Author Contributions

Conceptualization: A.J.; writing—original draft preparation: S.S.; writing—review and editing: S.A., A.J.; supervision: S.A. and A.J. All authors have read and agreed to the published version of the manuscript.

Funding

No funding is received.

Institutional Review Board Statement

Not applicable.

Informed Consent Statement

Not applicable.

Data Availability Statement

No data is reported here, all the data supplied here is from other papers as it is review article.

Conflicts of Interest

The authors declare no conflict of interest.

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Figure 1. Fossil fuels dominate world’s energy system, reproduced from ref. [3] with the permission of Elsevier.
Figure 1. Fossil fuels dominate world’s energy system, reproduced from ref. [3] with the permission of Elsevier.
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Figure 2. Greenhouse gases emissions by fossil fuels, reproduced from ref. [4] with the permission of MDPI.
Figure 2. Greenhouse gases emissions by fossil fuels, reproduced from ref. [4] with the permission of MDPI.
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Figure 3. Energy demand over the last 200 years; refer: Green—biomass; black—coal; dark grey—crude oil; grey—natural gas; blue—hydro power; red—nuclear fission; Orange—renewables. Reproduced from ref. [12] with the permission of the Royal Society of London.
Figure 3. Energy demand over the last 200 years; refer: Green—biomass; black—coal; dark grey—crude oil; grey—natural gas; blue—hydro power; red—nuclear fission; Orange—renewables. Reproduced from ref. [12] with the permission of the Royal Society of London.
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Figure 4. Climate benefits of renewable energy [15].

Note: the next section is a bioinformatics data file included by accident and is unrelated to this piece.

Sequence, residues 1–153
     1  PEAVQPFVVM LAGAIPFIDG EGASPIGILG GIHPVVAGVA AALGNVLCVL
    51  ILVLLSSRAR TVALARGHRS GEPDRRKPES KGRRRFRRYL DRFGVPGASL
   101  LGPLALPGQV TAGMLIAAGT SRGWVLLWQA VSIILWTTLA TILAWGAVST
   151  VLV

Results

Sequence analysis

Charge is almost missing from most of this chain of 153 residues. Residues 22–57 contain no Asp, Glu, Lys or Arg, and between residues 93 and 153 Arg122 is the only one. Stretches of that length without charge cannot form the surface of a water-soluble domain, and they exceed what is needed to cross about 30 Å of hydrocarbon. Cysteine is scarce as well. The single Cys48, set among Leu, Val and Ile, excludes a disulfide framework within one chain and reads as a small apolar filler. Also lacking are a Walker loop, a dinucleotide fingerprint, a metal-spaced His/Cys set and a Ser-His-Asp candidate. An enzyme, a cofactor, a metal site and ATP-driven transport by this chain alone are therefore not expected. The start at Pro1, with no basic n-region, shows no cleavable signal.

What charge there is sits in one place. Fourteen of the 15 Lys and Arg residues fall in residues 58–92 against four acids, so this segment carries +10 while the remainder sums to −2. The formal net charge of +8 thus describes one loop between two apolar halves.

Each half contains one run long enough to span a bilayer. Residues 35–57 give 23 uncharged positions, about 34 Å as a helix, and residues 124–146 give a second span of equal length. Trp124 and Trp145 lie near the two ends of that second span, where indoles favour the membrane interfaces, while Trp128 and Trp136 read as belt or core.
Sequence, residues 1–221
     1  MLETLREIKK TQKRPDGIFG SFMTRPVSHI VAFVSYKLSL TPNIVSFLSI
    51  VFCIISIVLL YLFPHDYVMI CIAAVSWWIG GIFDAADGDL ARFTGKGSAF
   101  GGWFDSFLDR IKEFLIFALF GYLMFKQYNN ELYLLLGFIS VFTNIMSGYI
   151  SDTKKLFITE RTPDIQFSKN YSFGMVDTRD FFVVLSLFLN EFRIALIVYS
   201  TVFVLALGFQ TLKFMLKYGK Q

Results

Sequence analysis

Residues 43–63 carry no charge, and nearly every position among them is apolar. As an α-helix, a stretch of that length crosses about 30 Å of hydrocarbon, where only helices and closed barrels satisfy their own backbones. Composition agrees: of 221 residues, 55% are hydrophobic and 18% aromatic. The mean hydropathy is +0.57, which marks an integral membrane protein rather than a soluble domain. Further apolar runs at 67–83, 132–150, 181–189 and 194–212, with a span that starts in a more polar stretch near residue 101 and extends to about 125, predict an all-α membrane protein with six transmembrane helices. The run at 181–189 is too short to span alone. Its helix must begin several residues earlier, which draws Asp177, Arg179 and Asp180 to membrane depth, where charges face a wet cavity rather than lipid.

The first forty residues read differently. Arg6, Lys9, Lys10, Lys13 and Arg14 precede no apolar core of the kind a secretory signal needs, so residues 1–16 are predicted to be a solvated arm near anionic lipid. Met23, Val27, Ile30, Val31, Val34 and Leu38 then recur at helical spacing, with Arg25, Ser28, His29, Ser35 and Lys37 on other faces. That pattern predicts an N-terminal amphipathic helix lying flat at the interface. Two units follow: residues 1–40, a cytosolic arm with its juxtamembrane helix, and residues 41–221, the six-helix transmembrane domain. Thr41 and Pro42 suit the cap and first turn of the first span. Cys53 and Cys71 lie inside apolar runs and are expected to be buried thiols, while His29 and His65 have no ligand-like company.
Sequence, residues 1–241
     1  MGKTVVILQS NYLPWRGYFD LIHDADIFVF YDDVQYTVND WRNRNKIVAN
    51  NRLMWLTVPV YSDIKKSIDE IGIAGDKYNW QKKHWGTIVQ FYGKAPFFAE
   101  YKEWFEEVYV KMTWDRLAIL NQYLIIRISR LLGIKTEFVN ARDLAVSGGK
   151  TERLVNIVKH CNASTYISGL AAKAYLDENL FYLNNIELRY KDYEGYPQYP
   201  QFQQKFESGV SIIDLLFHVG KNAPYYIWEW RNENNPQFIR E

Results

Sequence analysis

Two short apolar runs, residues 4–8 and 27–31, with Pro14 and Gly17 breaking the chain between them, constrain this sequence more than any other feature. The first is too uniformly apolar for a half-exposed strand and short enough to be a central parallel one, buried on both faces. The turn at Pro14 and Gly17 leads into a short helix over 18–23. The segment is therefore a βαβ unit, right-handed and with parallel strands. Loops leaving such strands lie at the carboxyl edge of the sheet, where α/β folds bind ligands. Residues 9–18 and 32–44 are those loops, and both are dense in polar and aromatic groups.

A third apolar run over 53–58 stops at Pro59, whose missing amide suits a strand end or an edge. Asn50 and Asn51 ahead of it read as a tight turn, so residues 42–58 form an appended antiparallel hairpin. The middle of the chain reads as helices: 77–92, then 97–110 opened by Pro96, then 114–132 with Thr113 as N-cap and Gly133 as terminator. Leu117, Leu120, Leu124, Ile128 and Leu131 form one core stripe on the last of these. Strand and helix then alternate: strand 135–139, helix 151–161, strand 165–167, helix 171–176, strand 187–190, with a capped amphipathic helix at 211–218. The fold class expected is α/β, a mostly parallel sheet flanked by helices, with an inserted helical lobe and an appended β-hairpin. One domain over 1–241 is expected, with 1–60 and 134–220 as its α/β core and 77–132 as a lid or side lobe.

Figure 4. Climate benefits of renewable energy [15].
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Figure 5. Comparison of fossil fuels and hydrogen combustion on carbon emission. Reproduced from ref. [21] with permission of Elsevier.
Figure 5. Comparison of fossil fuels and hydrogen combustion on carbon emission. Reproduced from ref. [21] with permission of Elsevier.
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Figure 6. The hydrogen cycle. Reproduced from ref. [12] with permission of the Royal Society of London.
Figure 6. The hydrogen cycle. Reproduced from ref. [12] with permission of the Royal Society of London.
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Figure 7. Hydrogen production methods. Reproduced from ref. [50] with permission of the Royal Society of London.
Figure 7. Hydrogen production methods. Reproduced from ref. [50] with permission of the Royal Society of London.
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Figure 8. Cu–Cl thermochemical cycle for hydrogen production. Reproduced from ref. [74] with permission of Springer Nature.
Figure 8. Cu–Cl thermochemical cycle for hydrogen production. Reproduced from ref. [74] with permission of Springer Nature.
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Figure 9. Global warming potential for different hydrogen production methods. Reproduced from ref. [84] with permission of Elsevier.
Figure 9. Global warming potential for different hydrogen production methods. Reproduced from ref. [84] with permission of Elsevier.
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Figure 10. GWP and AP of particular hydrogen production methods. Reproduced from ref. [75] with permission of Springer Nature.
Figure 10. GWP and AP of particular hydrogen production methods. Reproduced from ref. [75] with permission of Springer Nature.